Levine, a math, Special Honors, and political science major, displayed her findings in a poster, which she presented at the Einsteins in the City 2 International Student Research Conference, held at City College on October 30-31. The conference was in commemoration of the 100th anniversary of the Einstein Papers, and reached across fields by featuring abstracts of students’ research in multiple disciplines.
Levine’s research—guided by Professor Brian Shay—is in keeping with the spirit of the conference. Not intended to be a shortcut to Shakespeare, her work aims to draw attention to the ways English and math use the same creative processes and mutually augment the study of the other.
“You construct your world, you set up your definitions, and the rest flows from there,” she said. “A character must be realistic and take the actions as defined by his personality—an equation will not function in any manner other than the one you've defined.”
Currently a senior, Levine will graduate in June 2008, and intends to pursue a PhD in pure math with a concentration in Analytic Topology.
Jennifer McArdle Hoppa (Master of Urban Planning, 2000) has been awarded the Frederick O’Reilly Hayes Fellowship for 2007. The Fellowship honors emerging leaders in New York City government who have demonstrated excellence in improving the delivery of public services. It is named for a former City Budget Director who also served in the federal and New York State governments during a long and illustrious career. Hoppa is currently the Deputy Administrator for North Manhattan parks for the City's Department of Parks and Recreation. At the time of her selection she was the Deputy Director of Planning for the department.
Hunter senior Oscar Bolivar spent his summer at the American Museum of Natural History—not visiting exhibits, but giving his own custom-designed tours. From June through early August, he took part in the Museum Education and Employment Program (MEEP), which allows young adults to give creative tours of the museum, gaining exposure to science careers and museum operations in the process.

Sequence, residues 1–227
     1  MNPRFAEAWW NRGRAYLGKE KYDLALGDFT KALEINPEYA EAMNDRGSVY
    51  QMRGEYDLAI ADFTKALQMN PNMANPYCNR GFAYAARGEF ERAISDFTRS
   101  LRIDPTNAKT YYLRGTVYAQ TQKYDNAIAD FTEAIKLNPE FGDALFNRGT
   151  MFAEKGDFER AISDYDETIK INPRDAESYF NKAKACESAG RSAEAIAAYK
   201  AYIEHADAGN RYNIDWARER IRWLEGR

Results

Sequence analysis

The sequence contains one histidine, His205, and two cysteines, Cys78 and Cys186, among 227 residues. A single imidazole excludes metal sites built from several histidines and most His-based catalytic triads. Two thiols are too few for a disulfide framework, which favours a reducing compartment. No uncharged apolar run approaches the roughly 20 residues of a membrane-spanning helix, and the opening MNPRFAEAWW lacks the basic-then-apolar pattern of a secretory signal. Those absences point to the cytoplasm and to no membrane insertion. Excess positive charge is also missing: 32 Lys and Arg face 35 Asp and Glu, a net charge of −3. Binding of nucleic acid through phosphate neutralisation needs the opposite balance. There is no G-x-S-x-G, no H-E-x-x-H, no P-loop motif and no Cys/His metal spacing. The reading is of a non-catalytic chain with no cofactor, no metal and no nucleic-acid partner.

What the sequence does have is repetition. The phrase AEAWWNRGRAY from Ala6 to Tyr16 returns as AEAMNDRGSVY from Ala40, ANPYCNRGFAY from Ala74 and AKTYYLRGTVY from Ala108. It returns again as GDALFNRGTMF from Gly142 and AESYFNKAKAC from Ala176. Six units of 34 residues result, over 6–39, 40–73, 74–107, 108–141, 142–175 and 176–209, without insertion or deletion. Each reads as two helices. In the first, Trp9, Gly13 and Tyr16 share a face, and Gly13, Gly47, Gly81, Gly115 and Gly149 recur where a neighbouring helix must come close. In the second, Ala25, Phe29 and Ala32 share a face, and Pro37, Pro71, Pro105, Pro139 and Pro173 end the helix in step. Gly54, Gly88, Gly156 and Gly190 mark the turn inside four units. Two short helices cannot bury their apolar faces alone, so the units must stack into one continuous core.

As a “MEEPer,” Bolivar underwent training with museum experts in science, education, and museum management, and then created and conducted themed tours of museum halls for camp groups. Additionally, he manned educational touch carts, engaging visitors through hands-on activities with authentic artifacts and specimens.
Bolivar said he most enjoyed educating children in the museum, “and having them thank me and tell me that they enjoyed my tour.”
A psychology major, Bolivar intends to continue teaching, and has plans to study elementary education in graduate school. His work as a museum guide was featured in a Voice of America radio broadcast on July 31.
Hunter biochemistry majors Wiam and Soukaina Orahua are familiar with wearing a labcoat… and an officer’s uniform. Three years ago, the premed students were recruited for the NYPD’s Law Enforcement Explorers Program, a community service, career-oriented program that aims to educate young adults about law enforcement.